Why I’m Not Ashamed to Read Trashy Romance Novels

Nora Roberts Three Sisters Island

It’s easy to get a little embarrassed when your literati friends ask what you’re currently reading… and the answer is a trashy romance novel. These books often have a stigma attached, that the audience is completely made up of crazy-cat-ladies indulging in an indiscretion. Obviously these broad generalizations don’t line up with reality, so why the weird guilt? It’s not necessary.

Our mission is to encourage everyone to read what they want, because reading is awesome! Everyone has different tastes, obviously. Each genre has its strengths and weaknesses, with unique tropes and cliches. By encouraging people to read what strikes their fancy, there’s a better chance they’ll turn into life-long readers. How many of you became bibliophiles by roaming the stacks at your local library?

Not everyone realizes that romance novels can be well-written and often crossover into other genres (fantasy, adventure, crime fiction, etc). There’s often more to the story than throbbing members and heaving bosoms. It takes a seriously talented author to write a compelling love story and a non-cheesy sex scene (see the hilarious Bad Sex in Fiction Award). So when I use the term “trashy,” I mean it as a term of endearment.

Recently, I finished the Nora Roberts’s Guardian Trilogy (different than the Three Sisters Island Trilogy photographed above) and was describing the plot to Tom. Wizards and werewolves, magic battles and an evil goddess — I think I had him intrigued, and he was definitely surprised to learn that the Queen of Romance also wrote fantasy. Other popular series like A Song of Ice and Fire certainly know that sex sells (and have plenty of it). Roberts has mastered the romance genre, making “prolific” seem like an understatement in the amount of books she’s churning out (over 200 novels). Every time I pick up one of her books, I know I won’t be disappointed.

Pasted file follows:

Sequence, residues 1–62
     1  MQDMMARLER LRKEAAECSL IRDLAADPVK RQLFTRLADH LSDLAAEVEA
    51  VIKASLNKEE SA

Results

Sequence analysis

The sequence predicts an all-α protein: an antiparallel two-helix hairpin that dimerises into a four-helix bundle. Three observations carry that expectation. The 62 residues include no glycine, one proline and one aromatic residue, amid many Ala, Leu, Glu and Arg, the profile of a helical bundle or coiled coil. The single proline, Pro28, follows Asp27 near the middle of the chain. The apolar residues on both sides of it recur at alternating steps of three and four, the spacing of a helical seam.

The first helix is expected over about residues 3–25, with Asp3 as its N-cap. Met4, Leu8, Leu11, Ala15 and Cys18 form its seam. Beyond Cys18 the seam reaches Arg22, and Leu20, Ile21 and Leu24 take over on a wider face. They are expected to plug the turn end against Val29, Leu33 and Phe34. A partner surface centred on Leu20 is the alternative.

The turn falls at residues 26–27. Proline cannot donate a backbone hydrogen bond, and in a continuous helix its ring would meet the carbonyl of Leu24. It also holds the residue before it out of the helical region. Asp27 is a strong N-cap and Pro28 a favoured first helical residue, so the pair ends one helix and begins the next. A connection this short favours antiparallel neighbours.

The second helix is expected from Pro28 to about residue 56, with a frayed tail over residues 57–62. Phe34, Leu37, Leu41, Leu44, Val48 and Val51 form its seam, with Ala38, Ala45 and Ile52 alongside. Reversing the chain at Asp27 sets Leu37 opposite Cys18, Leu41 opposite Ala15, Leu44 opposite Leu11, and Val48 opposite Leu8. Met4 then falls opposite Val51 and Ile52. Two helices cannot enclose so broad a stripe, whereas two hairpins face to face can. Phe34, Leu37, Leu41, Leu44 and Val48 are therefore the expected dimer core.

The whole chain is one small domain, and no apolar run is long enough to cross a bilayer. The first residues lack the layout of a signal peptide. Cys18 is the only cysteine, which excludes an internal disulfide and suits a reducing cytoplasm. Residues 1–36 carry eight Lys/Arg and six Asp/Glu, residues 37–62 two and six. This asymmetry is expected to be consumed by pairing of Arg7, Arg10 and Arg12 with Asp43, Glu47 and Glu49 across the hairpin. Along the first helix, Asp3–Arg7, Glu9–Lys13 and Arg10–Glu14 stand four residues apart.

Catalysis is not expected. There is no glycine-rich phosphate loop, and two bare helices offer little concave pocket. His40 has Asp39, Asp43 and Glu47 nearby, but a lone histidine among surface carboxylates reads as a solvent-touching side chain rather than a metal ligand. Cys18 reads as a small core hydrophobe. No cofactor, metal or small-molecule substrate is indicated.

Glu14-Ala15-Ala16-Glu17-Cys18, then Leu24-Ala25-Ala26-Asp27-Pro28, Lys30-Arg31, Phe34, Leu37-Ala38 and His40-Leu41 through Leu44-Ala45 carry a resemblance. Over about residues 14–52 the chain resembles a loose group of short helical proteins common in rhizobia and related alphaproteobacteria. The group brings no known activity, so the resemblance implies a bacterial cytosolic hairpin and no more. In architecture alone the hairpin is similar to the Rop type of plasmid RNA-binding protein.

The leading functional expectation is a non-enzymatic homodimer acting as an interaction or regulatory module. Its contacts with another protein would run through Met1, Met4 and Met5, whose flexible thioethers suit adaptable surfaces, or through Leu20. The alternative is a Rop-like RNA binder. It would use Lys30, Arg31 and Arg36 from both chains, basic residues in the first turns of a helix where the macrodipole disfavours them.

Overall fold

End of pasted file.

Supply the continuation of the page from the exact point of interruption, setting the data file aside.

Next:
In an article by The Guardian about Nora Roberts and her influence in the transformation of the Romance genre she says, “Every book read for pleasure should be celebrated. And novels that celebrate love, commitment, relationships, making relationships work, why isn’t that something to be respected?”

Romance novels are my comfort food in the book world. They’re as predictable and soul warming as chicken noodle soup. You know the couple is going to get together in the end and live happily ever after, and sometimes that’s the exact kind of book our heavy hearts need. The authors usually don’t take themselves too seriously and that amount of self-awareness can lead to laugh-out-loud passages.

Lady Chatterleys Lover

Romance novels can also be a great in-between read if you’re suffering from a book hangover (when you’re still stuck on the book you previously finished). They can also serve as a simultaneous read if you’re in the middle of a heavy soul-wrenching novel and need something a bit lighter to read before bed. And if you’re wanting something with a little more substance, you can always turn to the classics like Lady Chatterley’s Lover, which has some seriously steamy scenes.

Another great thing about romance novels is their wide availability. Especially at thrift stores and libraries, you can grab a copy for little-to-no cost. They make great vacation books (the ones from thrift stores, not the library) because you don’t have to worry about beating them up during travel and you can leave them behind in your Airbnb to free up some space in your luggage.

And to top it off, the genre is largely dominated by female authors who like to write about strong-willed female protagonists. So the next time you’re in a reading funk, try strolling down the romance aisle to see if anything (or anyone… like Fabio) catches your eye. Try not to be bashful when admitting you’re reading a book titled Ravished or Lord of Scoundrels, but do give your friends a chuckle by playing the “pick a page and look for a silly synonym for a sexual organ” game.

Originally published at www.frostbeardstudio.com